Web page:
“All I could think of was to add Jersey honey to a range of products and, after speaking with our manufacturers, they said the best place to start was with a hand cream,” he said.
Once the premise was agreed, Shaun and Anita spent a month working out the ingredients the cream should contain before finally perfecting both the recipe and consistency of their launch product.
“There was a lot of back and forth with the lab, but it was worth it, as the finished product won Product of the Year at the Pure Beauty Global Awards,” Shaun smiled.
Although the hand cream was the first product to hit the market, it was not the offering Shaun had intended to launch the Jersey Honey Company with.
“Perhaps unsurprisingly, given my hairdressing background, I wanted to start with a shampoo,” he smiled. ‘When I have developed products for other companies, the end result is usually on the shelves within three months. But 15 months after we came up with the concept for our shampoo, we still didn’t have the right mix. I was about to give up the product when a sample arrived and I knew from the moment I opened the box and smelled the smell, we nailed it.”
As the product range took shape, it took a little longer for the company name to match.
“From the start, we were determined to name the company Jersey Honey, because we’re not just trying to build a business, we’re trying to support bees and beekeepers and build a whole community next to the brand,” he said. ‘Thanks to the support of Jersey Business, we were finally able to register the name.’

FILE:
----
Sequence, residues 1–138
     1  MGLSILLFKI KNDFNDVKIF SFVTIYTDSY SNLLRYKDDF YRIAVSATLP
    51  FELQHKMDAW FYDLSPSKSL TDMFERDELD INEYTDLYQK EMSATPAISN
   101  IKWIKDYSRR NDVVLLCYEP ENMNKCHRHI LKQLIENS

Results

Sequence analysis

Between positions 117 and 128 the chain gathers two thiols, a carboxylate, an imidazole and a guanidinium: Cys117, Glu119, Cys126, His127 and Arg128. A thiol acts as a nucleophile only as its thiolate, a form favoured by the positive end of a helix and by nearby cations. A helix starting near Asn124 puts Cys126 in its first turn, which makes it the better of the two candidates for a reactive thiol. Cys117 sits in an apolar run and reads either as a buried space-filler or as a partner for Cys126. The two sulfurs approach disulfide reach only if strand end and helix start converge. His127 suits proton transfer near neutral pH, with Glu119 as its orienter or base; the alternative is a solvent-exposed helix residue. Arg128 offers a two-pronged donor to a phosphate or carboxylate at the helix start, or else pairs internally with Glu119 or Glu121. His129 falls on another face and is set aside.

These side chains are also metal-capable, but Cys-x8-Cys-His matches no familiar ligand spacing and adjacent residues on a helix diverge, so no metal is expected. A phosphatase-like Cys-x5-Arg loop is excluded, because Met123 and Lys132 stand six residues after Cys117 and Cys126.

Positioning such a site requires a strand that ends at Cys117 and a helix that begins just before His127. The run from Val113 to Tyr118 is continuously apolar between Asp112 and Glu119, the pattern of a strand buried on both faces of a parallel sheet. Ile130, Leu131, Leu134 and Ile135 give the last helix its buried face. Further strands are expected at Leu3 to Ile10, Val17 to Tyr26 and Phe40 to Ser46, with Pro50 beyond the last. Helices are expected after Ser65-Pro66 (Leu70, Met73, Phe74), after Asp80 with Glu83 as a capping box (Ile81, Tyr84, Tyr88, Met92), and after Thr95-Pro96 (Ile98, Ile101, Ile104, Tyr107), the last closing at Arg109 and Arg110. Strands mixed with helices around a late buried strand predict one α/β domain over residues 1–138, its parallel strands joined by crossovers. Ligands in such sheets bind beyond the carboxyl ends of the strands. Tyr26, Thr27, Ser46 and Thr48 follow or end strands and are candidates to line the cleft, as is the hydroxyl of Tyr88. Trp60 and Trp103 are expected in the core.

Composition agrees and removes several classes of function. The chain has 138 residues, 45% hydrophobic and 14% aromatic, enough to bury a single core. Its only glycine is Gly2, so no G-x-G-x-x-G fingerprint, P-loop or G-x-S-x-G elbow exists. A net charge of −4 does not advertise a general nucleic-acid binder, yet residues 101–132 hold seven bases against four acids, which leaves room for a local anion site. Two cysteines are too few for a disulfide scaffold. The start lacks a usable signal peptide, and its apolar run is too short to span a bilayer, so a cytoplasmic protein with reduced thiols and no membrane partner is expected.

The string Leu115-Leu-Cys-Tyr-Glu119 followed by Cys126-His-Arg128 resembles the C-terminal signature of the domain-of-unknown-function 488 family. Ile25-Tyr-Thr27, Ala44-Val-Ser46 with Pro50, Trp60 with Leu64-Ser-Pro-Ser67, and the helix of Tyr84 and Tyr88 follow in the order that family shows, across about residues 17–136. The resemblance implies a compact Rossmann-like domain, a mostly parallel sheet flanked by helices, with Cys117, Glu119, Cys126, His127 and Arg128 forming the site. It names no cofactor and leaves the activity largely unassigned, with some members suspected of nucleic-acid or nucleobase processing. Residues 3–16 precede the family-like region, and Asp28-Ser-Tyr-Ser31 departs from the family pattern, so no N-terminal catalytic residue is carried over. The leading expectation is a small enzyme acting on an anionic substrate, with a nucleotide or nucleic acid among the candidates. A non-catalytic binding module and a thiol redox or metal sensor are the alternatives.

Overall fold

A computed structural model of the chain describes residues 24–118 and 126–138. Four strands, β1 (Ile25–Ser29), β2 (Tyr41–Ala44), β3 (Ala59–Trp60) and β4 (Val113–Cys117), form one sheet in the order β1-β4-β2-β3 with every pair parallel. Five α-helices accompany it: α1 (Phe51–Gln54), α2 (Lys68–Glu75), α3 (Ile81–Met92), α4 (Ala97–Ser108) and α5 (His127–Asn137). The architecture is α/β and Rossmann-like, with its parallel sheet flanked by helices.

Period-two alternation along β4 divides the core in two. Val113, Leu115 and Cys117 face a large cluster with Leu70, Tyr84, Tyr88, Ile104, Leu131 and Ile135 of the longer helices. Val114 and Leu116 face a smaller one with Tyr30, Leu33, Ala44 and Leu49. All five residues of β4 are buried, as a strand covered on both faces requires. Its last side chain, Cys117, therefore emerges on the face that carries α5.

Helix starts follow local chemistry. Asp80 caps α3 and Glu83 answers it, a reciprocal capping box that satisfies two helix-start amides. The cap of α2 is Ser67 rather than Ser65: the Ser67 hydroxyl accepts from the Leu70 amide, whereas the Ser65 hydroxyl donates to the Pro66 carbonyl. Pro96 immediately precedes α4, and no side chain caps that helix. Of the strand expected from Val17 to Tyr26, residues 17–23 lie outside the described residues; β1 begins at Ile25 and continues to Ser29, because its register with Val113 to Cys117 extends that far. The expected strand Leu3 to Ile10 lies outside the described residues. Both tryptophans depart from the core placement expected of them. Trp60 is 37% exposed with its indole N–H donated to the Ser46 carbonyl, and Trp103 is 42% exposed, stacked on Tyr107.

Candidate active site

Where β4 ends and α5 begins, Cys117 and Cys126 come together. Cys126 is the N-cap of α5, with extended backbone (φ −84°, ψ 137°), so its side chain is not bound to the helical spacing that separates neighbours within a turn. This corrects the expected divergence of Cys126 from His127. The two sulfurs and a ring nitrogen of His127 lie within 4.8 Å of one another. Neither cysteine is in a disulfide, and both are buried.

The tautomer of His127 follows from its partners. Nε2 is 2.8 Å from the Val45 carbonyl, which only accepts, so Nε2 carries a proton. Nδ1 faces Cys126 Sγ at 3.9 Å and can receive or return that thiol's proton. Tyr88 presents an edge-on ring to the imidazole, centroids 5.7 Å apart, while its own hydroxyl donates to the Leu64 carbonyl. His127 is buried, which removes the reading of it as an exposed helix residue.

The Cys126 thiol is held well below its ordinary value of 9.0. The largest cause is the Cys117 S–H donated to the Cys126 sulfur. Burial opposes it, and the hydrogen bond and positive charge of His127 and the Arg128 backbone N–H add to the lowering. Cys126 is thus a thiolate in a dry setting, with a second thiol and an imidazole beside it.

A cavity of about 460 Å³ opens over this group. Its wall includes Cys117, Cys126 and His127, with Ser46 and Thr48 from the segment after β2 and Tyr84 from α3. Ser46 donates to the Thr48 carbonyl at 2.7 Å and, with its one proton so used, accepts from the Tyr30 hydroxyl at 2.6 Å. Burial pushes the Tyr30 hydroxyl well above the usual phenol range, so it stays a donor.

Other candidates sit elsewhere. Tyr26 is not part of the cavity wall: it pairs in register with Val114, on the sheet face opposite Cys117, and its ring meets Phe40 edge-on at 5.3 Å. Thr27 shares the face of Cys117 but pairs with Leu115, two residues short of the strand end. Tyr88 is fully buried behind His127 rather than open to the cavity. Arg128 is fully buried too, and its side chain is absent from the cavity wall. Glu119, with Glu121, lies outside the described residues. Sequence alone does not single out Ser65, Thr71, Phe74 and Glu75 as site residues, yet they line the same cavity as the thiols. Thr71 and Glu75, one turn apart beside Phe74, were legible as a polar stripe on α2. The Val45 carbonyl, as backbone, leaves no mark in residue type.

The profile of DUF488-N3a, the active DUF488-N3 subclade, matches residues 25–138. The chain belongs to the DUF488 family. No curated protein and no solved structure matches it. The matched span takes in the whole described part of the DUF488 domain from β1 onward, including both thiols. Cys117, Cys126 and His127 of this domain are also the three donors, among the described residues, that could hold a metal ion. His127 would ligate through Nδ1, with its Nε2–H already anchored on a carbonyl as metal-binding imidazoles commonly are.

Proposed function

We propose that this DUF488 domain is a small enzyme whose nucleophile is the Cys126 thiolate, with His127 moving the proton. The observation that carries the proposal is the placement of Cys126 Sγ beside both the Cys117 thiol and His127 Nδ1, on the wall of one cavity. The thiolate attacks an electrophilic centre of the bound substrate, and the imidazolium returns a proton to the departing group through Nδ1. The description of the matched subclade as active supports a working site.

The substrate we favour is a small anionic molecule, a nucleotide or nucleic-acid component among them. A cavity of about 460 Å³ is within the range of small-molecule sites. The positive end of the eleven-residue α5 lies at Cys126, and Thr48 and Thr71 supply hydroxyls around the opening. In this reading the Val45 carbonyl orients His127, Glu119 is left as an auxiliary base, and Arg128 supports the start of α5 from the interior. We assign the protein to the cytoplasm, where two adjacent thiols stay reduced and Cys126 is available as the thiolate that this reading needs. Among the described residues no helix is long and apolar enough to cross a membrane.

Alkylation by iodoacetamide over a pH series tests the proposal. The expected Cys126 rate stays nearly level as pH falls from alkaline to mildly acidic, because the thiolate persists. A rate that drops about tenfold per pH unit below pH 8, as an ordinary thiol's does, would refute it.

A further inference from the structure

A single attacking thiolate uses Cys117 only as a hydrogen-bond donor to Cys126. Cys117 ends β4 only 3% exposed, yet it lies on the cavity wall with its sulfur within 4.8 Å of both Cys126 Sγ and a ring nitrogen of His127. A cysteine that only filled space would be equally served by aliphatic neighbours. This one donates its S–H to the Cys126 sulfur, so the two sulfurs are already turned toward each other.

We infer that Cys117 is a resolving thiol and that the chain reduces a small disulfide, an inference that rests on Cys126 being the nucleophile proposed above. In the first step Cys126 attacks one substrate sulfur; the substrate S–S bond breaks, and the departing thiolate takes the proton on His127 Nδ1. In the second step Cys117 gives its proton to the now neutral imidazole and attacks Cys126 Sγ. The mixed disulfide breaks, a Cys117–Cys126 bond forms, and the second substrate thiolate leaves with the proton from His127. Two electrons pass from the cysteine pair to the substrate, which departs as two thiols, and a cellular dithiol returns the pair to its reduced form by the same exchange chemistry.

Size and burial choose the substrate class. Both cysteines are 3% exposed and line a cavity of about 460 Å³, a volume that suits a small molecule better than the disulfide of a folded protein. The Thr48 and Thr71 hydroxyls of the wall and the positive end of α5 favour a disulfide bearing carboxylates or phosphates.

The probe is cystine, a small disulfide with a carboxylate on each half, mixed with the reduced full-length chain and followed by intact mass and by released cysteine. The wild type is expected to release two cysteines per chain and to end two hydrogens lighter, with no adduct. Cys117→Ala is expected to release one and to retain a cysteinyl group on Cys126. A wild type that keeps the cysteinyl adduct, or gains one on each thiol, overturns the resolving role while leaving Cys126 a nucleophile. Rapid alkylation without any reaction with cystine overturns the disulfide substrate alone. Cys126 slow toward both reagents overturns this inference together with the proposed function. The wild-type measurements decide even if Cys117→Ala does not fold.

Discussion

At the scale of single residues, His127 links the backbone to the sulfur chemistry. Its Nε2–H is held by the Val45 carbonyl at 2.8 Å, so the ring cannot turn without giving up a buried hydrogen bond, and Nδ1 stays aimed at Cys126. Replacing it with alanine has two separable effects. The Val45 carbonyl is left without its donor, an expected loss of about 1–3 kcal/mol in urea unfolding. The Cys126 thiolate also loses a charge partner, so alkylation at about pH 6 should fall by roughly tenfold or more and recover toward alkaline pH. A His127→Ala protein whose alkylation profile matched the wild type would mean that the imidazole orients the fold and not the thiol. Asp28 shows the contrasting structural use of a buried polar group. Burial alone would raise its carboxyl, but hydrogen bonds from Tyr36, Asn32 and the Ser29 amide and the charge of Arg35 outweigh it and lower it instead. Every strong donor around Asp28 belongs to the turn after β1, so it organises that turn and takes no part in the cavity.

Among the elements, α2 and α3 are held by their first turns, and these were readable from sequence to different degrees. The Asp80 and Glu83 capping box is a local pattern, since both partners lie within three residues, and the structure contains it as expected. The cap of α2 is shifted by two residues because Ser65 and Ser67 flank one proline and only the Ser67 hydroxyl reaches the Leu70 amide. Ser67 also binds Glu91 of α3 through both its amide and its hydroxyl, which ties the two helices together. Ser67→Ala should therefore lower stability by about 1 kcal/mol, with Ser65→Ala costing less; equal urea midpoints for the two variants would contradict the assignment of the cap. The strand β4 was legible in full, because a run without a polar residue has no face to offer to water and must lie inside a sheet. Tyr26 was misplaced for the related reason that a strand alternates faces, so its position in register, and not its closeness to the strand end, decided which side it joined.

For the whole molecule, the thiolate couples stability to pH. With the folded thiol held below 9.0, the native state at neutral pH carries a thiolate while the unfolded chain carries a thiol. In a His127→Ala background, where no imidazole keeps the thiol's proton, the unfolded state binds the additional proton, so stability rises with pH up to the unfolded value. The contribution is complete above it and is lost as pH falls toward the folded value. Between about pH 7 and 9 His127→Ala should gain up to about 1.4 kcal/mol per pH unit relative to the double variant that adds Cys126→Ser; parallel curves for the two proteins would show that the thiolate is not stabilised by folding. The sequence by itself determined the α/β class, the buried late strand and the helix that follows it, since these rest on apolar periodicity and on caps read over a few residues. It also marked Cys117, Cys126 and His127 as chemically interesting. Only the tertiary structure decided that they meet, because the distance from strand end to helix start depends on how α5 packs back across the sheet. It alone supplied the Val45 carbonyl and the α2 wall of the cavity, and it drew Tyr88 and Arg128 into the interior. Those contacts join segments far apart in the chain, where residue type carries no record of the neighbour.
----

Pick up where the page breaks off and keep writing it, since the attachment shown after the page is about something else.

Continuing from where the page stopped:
Just when it seemed like all the elements were coming together, however, Shaun faced another challenge — this time in the form of a global pandemic.
“When Covid hit and developing further products became nearly impossible, we changed our focus and launched our bees-for-profit campaign, investing in more hives, beekeeping equipment and recruiting more beekeepers to our group,” he said.
With 11 hives in three locations, this community is now growing, with experienced keepers sharing their knowledge and expertise with those new to the endeavor.
“The Jersey bee population has stabilized at about 420 hives, but we’d like to increase this number and raise awareness of the importance of bees through our products,” Shaun said. “While the Jersey community is stable, the global bee population continues to shrink. In America, for example, six million hives were reported in 2014, this year that has fallen to 24 million.’